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Flashcards in Central Nervous System Deck (46)
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Functions of CNS

basic = sensory + motor (mediated by CNS and PNS, autonomic and somatic)
higher = > consciousness, complex and learned motor skills, memory and planning, communication/language


Brain structure

cerebral hemispheres:
- grey matter
- white matter
- basal ganglia
- ventricular system
brain stem



membranous coverings of the CNS
protective function - important in CSF production
> dura mater
> arachnoid mater
> pia mater


Blood vessels in CNS

cerebral arteries -
- if blood supply to a particular part if the brain is interrupted, the patient will develop symptoms due to the lack of function of the part of the brain supplied by the vessel
cerebral veins -
- venous blood drains eventually to the internal jugular vein


The skull

cannot expand
if the volume of tissue/fluid inside the skull increases the intracranial pressure rises = herniation
herniation is where a part of the brain moves from one part of the skull to the other


Spinal chord

8 cervical nerve pairs
12 thoracic nerve pairs
5 lumbar nerve pairs
5 sacral nerve pairs
1 coccygeal nerve pair


Peripheral NS

spinal and cranial nerves
branches off linking CNS to peripheral sensory receptors and effector organs (muscles and glands)
autonomic and somatic


Name the cells in PNS and CNS

1. neurones - the processors
2. glial cells - supporting functions
> Schwann cells
> astrocytes
> oligodendrocytes


What area of the brain is the motor cortex?

pre-central gyrus


What area of the brain is the sensory cortex?

post-central gyrus


What and where is Broca's area in the brain?

frontal lobe, anterior to the pre-motor cortex
predominantly responsible for speech production


What and where is Wernicke's area in the brain?

temporal lobe, posterior to auditory cortex
responsible for processing speech and comprehension of written and spoken language


Frontal lobe

decision making, emotional reactions, formation of some types of memory, motor cortex, olfactory function, fluent speech


Parietal lobe

sensory cortex, processing of sensory info


Temporal lobe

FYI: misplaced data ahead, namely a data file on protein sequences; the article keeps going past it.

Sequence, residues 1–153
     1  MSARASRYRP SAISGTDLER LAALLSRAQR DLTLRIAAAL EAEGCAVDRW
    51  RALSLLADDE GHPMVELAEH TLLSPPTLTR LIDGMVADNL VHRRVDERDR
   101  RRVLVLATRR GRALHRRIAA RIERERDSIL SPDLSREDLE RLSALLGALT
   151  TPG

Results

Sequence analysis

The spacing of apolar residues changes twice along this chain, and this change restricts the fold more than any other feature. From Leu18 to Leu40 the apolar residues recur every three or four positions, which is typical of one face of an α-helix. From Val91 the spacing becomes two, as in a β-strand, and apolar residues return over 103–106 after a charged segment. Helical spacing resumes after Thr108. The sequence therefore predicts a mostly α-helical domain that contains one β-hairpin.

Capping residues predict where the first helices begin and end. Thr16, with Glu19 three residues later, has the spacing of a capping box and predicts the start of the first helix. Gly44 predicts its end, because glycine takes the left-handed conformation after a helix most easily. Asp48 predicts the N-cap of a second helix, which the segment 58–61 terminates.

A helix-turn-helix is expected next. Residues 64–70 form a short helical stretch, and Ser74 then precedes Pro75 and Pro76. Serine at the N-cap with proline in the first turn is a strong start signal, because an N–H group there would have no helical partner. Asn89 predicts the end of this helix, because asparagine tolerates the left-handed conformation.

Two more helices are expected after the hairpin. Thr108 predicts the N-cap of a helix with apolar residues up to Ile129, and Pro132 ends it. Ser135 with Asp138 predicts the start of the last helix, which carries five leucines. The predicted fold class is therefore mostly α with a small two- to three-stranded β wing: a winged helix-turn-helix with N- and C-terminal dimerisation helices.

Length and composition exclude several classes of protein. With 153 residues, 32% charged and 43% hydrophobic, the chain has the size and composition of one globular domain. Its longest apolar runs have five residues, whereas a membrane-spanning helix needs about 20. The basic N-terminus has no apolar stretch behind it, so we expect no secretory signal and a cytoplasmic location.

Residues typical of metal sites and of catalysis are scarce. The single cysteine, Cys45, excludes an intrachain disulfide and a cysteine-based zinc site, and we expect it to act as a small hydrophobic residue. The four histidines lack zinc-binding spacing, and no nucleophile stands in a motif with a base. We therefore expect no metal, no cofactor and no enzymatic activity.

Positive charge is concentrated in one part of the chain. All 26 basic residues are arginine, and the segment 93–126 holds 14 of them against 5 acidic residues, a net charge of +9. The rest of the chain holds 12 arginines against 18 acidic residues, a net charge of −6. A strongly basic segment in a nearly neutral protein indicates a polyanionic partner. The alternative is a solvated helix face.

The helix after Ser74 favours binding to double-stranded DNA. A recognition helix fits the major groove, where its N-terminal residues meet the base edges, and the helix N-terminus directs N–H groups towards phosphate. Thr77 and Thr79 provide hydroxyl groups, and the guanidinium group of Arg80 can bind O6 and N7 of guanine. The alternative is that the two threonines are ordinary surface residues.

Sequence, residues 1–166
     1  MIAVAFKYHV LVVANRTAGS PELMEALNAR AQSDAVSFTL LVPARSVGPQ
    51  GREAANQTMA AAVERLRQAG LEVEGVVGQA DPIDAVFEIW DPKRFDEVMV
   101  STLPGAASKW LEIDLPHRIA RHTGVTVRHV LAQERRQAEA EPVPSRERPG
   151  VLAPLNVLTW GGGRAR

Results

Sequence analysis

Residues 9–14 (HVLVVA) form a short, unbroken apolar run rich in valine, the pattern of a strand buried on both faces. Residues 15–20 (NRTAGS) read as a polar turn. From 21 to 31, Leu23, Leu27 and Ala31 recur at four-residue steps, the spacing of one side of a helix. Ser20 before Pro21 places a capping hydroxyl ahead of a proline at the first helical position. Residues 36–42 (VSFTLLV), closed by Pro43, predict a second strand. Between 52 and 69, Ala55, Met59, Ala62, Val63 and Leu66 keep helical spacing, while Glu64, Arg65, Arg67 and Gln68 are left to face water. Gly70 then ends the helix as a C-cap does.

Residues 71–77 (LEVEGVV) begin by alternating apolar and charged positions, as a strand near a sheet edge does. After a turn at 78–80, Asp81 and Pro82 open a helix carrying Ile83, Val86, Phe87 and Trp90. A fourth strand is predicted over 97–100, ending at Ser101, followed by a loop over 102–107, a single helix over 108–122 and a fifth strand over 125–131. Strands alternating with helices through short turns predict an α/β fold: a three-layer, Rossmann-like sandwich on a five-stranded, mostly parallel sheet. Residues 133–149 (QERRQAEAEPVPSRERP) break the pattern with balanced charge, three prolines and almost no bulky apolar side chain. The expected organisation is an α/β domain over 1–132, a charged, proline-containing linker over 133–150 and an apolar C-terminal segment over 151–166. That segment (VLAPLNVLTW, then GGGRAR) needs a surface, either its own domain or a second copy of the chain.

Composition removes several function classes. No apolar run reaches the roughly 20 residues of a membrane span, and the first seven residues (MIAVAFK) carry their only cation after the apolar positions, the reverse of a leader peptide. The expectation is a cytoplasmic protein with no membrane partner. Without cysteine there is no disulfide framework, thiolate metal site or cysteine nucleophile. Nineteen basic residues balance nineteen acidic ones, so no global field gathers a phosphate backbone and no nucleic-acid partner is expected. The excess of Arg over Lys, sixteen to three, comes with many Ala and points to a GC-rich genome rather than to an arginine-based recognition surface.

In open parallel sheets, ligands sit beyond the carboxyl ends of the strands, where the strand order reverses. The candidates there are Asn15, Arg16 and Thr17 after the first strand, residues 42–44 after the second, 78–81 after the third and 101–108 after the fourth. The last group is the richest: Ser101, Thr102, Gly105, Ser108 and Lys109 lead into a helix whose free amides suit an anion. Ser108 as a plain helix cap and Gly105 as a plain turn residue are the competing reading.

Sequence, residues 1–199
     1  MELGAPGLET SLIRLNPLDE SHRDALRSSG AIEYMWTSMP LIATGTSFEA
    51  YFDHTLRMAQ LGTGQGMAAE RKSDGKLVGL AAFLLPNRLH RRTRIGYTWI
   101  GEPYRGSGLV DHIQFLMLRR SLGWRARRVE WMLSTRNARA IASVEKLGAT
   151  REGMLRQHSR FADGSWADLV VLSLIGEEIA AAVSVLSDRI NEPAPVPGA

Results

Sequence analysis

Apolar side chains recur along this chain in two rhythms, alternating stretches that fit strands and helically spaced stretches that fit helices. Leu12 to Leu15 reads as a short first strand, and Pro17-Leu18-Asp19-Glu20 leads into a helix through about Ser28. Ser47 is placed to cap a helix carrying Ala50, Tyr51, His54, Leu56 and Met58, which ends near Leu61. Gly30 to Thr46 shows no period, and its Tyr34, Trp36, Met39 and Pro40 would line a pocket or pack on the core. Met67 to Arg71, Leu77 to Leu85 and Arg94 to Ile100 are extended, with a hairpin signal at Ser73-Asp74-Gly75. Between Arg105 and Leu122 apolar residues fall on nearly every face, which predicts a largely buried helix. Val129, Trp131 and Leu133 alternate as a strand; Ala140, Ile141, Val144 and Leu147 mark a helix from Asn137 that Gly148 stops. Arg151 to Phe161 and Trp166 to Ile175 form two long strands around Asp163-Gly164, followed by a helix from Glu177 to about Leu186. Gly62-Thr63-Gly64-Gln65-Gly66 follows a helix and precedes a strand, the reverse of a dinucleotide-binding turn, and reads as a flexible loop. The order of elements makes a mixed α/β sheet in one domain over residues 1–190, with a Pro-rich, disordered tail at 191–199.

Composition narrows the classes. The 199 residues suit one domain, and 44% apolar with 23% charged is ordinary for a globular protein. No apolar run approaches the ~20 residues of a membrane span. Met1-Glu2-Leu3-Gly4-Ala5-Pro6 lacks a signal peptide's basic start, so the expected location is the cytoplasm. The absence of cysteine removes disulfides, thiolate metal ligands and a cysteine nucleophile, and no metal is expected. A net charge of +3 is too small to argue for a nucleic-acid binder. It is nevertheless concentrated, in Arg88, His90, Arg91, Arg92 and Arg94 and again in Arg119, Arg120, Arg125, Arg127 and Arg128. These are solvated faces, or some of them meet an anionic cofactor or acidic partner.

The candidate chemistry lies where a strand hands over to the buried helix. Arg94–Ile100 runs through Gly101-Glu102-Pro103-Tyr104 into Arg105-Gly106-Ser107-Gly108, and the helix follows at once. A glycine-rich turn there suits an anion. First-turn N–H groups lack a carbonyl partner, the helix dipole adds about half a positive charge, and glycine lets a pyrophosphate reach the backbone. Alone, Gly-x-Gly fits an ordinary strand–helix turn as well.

language functions and auditory cortex, comprehension of written and spoken words, memory


Occipital lobe

visual cortex


Brain stem

conduction of major motor and sensory pathways, cardio-respiratory functions and consciousness, cranial nerve roots



precise motor control, language attention ??


Spinal chord nerve roots

specific spinal nerves innervate defined motor functions and sensory territories
damage to spinal chord at specific level = loss of function of spinal nerves below that level


What are focal neurological signs?

a set of symptoms or signs in which causation can be localized to an anatomic site in the central nervous system


What is generalised neurological abnormality?

Essentially an alteration in level of consciousness


Frontal lobe focal neurological signs
Parietal lobe focal neurological signs
Temporal lobe focal neurological signs

anosmia (loss of smell), inappropriate emotions, expressive dysphasia, motor impairment

receptive dysphagia, sensory impairment

cortical deafness, receptive dysphagia


Spinal chord lesions

Physical examination helps to identify the level of injury in spinal cord lesions
Signs limited to a single dermatome or nerve root suggest either a focal nerve root injury or injury to a peripheral nerve
Signs affecting several nerve roots below a certain level eg. Complete paralysis of body and legs with maintained head and neck movement is caused by injuries to the cervical spine (usually traumatic)


Diffuse neurological injury

Usually manifest as impairment of consciousness
Most often due to increased intracranial pressure
May occur as a primary process or as a secondary to response to a focal injury


How do we assess consciousness?

A: alert
V: voice
P: pain
U: unresponsive


Cerebrovascular diseases

strokes, TIA, intracerebral haemorrhages
2 main pathological processes:
> hypoxia, ischaemia, infarction due to impaired o2/blood supply
> haemorrhage from CNS vessels
if blood flow is decreased to a portion of the brain, survival of tissue depends on:
- collateral circulation
- duration of ischaemia
- magnitude and rapidity of decrease blood flow
reduced blood flow to the whole brain = global hypofusion = generalised neuronal dysfunction



Face (drooping)
Arms (may not be able to raise them)
Speech (slurred)
loss of function lasting greater than 24 hours
2 types;
- ischaemic
- haemorrhagic
risk factors: hypertension, DM, heart disease, hyperlipidaemia


Causes of a stroke

hypoxia of the brain due to blockage of blood vessels by an atheroma or embolus
bleed into the brain caused by hypertension or aneurysm
Left MCA territory infarct -
- damage to speech area in L hemisphere = loss of speech (aphasia)
- damage to L visual pathway = loss of vision to R (hemianopia)
- damage to left motor cortex and internal capsule = weakness of R face, arm and leg


Management of strokes

Aspirin, Clopidogrel
occupational therapy


Transient ischaemic attack (TIA)

temporary loss of function that resolves itself within 24 hours
"mini strokes"
symptoms similar to stroke but rapid recovery
treatment = anti-platelet therapy eg. Aspirin, Clopidogrel, control BP, lower cholesterol